The third Catholic problem with Mr. Winters’ acceptance of the president’s imaginary compromise is one that Winters himself points out, but does not sufficiently apply. Even on its own terms, the “compromise” will maintain the three-tiered caste system of “religiousity.” “Really religious” entities will be churches and religious orders that only have insular functions, leaving them to navel-gaze outside the objectionable coverage mandate. “Sort-of-but-not-really-religious” groups like non-profits will have to submit to the president’s shell game and pretend that their compelled, paid plan necessary for the objectionable coverage isn’t really providing the coverage. And daily-Mass going lector and permanent deacon “Construction Rick” (more promotions for you, Rick) has no religious conscience at all in the eyes of the federal government (or of Mr. Winters). All of this will remain in the president’s compromise, by the president’s own promise. If and when it happens, Mr. Winters will accept it, however grudgingly. That is not a tolerable Catholic position towards federal religious freedom policy.
There are plenty of other, contextual historical reasons why American Catholics cannot accept Mr. Winter’s fence-sitting view, including several I alluded to, and the fact that the whole scheme violates the Religious Freedom Restoration Act and is illegal. Also, PPACA gives the president no power to mandate that insurers cover items anyway–it only allows mandates within the existing plan–so that necessarily means the compromise will be meaningless because the coverage comes through that plan, or the compromise itself will be lawless in mandating a different plan. The rule of law is a Catholic principle, too.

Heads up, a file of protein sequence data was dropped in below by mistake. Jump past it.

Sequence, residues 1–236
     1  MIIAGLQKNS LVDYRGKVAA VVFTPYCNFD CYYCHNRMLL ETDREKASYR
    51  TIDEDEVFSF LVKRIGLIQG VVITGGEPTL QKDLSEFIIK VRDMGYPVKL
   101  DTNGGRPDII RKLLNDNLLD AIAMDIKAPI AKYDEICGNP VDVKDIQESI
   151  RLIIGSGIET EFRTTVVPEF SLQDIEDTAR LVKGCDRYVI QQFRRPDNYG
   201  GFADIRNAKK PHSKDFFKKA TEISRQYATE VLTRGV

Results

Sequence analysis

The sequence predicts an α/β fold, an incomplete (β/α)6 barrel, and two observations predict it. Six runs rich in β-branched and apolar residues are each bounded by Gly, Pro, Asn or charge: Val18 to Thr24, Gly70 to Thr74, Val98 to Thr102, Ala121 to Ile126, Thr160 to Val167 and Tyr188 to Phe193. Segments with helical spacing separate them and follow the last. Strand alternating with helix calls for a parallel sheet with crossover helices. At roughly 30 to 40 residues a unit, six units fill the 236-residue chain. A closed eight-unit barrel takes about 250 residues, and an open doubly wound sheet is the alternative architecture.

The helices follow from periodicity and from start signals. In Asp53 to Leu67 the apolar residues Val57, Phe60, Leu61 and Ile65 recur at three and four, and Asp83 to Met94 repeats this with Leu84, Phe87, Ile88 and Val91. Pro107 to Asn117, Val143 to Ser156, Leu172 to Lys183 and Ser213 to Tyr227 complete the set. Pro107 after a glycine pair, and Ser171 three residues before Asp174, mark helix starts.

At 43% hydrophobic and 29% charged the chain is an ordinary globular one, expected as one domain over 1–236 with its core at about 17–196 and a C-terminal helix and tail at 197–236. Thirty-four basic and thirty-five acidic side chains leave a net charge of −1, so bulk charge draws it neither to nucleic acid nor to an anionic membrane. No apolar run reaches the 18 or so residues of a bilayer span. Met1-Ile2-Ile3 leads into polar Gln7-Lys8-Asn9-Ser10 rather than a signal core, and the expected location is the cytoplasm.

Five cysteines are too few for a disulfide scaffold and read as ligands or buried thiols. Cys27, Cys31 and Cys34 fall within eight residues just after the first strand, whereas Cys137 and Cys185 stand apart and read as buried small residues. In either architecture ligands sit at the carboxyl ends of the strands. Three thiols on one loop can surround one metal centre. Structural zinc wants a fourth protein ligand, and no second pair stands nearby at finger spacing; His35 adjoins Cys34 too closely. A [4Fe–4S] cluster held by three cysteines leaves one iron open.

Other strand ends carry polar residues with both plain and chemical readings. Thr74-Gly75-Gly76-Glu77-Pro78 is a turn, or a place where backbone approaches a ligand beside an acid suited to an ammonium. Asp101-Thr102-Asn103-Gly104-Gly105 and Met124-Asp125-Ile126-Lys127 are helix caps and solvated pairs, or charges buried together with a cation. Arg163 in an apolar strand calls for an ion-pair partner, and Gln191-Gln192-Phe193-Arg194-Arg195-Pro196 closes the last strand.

In sum, three fundamental issues preclude Mr. Winters’ view within Catholic thinking: he is punishing other Catholics and Christians because they disagree with his conscience; he is punishing Cathoics for trying to contribute to society through ethical business practices; and he is accepting a religious caste system never before imposed by the federal government.
Mr. Winters is fond of citing Robert Bolt’s Sir Thomas More for his example of someone trying very hard to find a way to accept the King’s unjust mandate. But More also did something that Winters has not yet been willing to do: he respected the conscience of the Duke of Norfolk to disagree with More’s conclusion and sign the oath. President Obama’s mandate, in contrast, forces everyone to conform their conscience to Winters’ casuist sympathies.
To Catholics and Christians who take a different moral view than Winters on President Obama’s insurer-coverage fiction, he and the Catholic left plead, “Why can’t you do as I did and come with us, for fellowship!” “And when we die,” says More, “and you are sent to heaven for doing your conscience, and I am sent to hell for not doing mine, will you come with me, for fellowship?”
Will you, Mr. Winters, for “Communio”?